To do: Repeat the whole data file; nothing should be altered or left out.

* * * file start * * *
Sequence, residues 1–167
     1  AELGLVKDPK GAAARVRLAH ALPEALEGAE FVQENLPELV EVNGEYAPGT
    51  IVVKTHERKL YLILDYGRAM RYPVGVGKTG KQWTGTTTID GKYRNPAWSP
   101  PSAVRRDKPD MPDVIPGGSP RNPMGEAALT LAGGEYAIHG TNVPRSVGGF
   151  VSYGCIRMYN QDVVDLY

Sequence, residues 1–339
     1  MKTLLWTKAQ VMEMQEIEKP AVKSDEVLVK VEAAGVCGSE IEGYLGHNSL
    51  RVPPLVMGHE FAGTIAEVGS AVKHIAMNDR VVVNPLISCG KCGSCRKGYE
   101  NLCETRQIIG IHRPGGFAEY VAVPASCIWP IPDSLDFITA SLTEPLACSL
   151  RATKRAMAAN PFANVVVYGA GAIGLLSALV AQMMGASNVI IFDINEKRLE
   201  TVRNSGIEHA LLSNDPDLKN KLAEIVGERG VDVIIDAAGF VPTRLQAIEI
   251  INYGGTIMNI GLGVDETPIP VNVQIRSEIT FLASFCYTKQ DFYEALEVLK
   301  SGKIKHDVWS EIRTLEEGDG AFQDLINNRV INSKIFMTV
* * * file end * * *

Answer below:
Sequence, residues 1–167
     1  AELGLVKDPK GAAARVRLAH ALPEALEGAE FVQENLPELV EVNGEYAPGT
    51  IVVKTHERKL YLILDYGRAM RYPVGVGKTG KQWTGTTTID GKYRNPAWSP
   101  PSAVRRDKPD MPDVIPGGSP RNPMGEAALT LAGGEYAIHG TNVPRSVGGF
   151  VSYGCIRMYN QDVVDLY

Sequence, residues 1–339
     1  MKTLLWTKAQ VMEMQEIEKP AVKSDEVLVK VEAAGVCGSE IEGYLGHNSL
    51  RVPPLVMGHE FAGTIAEVGS AVKHIAMNDR VVVNPLISCG KCGSCRKGYE
   101  NLCETRQIIG IHRPGGFAEY VAVPASCIWP IPDSLDFITA SLTEPLACSL
   151  RATKRAMAAN PFANVVVYGA GAIGLLSALV AQMMGASNVI IFDINEKRLE
   201  TVRNSGIEHA LLSNDPDLKN KLAEIVGERG VDVIIDAAGF VPTRLQAIEI
   251  INYGGTIMNI GLGVDETPIP VNVQIRSEIT FLASFCYTKQ DFYEALEVLK
   301  SGKIKHDVWS EIRTLEEGDG AFQDLINNRV INSKIFMTV